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Theresa May is under increasing pressure to pull the parliamentary vote on her revamped Brexit deal just a day after it was announced, with a growing number of MPs from her Conservative party calling on her to resign.
On Tuesday, the prime minister announced she would bring her Brexit package back to the House of Commons for a fourth — and final — vote in the first week of June. But the overwhelmingly negative response to her speech has dashed Downing Street’s hopes of success.
Michael Gove, the environment secretary and prominent Brexiter, said there would be “reflection on [the] best way forward” by the government and hinted that the vote might not go ahead as planned.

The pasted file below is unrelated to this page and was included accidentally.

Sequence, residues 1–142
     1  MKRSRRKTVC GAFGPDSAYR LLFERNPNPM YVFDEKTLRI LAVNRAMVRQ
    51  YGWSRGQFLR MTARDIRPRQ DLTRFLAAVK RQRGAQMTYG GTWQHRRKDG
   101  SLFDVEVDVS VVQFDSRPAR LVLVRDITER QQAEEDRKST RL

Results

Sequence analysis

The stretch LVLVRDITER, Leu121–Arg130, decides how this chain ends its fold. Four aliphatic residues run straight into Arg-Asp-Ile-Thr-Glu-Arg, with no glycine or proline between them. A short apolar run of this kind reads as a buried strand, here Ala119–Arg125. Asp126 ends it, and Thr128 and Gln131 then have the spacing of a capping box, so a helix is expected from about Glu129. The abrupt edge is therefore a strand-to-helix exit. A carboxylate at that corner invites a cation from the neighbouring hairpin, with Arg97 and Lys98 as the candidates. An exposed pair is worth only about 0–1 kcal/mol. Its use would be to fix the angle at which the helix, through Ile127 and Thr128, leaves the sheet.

“We will reflect over the course of the next few days on how people look at the proposition put forward,” he told the BBC on Wednesday. “But there has to be a vote on the withdrawal agreement implementation bill [at some stage].”
The pound was trading at less than $1.27 on Wednesday morning, its lowest level since January, reflecting the continued political uncertainty.
Mr Gove acknowledged “there’s been a lot of sturm und drang, summer lightning” over the prime minister’s new proposals but urged his Conservative colleagues to “read the bill and reflect on the options in it”.
Prominent Conservatives have called on Mrs May to step down immediately. Former Brexit minister David Jones told The Daily Telegraph: “She is desperate, she is deluded and she is doomed.” Zac Goldsmith, MP for Richmond Park and North Kingston, also called for her to resign.
Jacob Rees-Mogg, head of the Brexit-supporting European Research Group of MPs, said Mrs May’s strategy had failed and she should resign instead of bringing the bill forward.
“She decided to tack to the left whilst … Read More...